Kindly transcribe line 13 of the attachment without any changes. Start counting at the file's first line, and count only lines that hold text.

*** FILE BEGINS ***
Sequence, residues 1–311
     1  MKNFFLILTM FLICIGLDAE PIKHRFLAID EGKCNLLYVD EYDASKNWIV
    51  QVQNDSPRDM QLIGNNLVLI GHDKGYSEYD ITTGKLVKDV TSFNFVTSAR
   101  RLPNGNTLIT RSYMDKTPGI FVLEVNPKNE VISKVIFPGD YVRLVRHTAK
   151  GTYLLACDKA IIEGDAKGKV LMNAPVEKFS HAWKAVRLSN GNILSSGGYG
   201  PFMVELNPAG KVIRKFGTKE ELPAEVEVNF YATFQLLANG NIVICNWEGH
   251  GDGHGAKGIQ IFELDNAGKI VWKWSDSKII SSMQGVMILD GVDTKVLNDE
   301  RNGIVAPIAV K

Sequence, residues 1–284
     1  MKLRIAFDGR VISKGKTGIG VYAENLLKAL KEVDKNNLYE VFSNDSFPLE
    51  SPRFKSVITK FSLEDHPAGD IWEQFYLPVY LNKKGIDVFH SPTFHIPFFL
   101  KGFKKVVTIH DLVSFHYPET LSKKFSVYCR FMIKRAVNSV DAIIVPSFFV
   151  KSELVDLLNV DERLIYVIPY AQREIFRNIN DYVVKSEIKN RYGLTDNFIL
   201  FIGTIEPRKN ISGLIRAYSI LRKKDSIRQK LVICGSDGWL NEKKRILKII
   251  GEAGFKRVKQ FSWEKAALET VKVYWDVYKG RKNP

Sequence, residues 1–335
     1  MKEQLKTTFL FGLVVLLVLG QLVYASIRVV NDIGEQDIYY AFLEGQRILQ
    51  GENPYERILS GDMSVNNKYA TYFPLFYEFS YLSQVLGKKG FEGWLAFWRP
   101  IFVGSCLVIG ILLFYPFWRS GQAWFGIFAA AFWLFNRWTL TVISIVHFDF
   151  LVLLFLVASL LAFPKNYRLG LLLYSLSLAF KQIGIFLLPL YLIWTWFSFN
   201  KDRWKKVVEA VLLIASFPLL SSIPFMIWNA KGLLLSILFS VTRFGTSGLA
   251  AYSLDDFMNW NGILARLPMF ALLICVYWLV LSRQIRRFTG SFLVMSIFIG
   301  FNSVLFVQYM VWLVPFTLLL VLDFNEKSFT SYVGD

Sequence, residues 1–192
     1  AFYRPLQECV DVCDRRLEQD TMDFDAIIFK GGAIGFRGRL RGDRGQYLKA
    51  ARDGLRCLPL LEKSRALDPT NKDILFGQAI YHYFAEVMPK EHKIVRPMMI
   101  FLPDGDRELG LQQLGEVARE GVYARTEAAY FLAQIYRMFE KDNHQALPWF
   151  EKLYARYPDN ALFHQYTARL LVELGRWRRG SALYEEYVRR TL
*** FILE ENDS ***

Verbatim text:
   151  KSELVDLLNV DERLIYVIPY AQREIFRNIN DYVVKSEIKN RYGLTDNFIL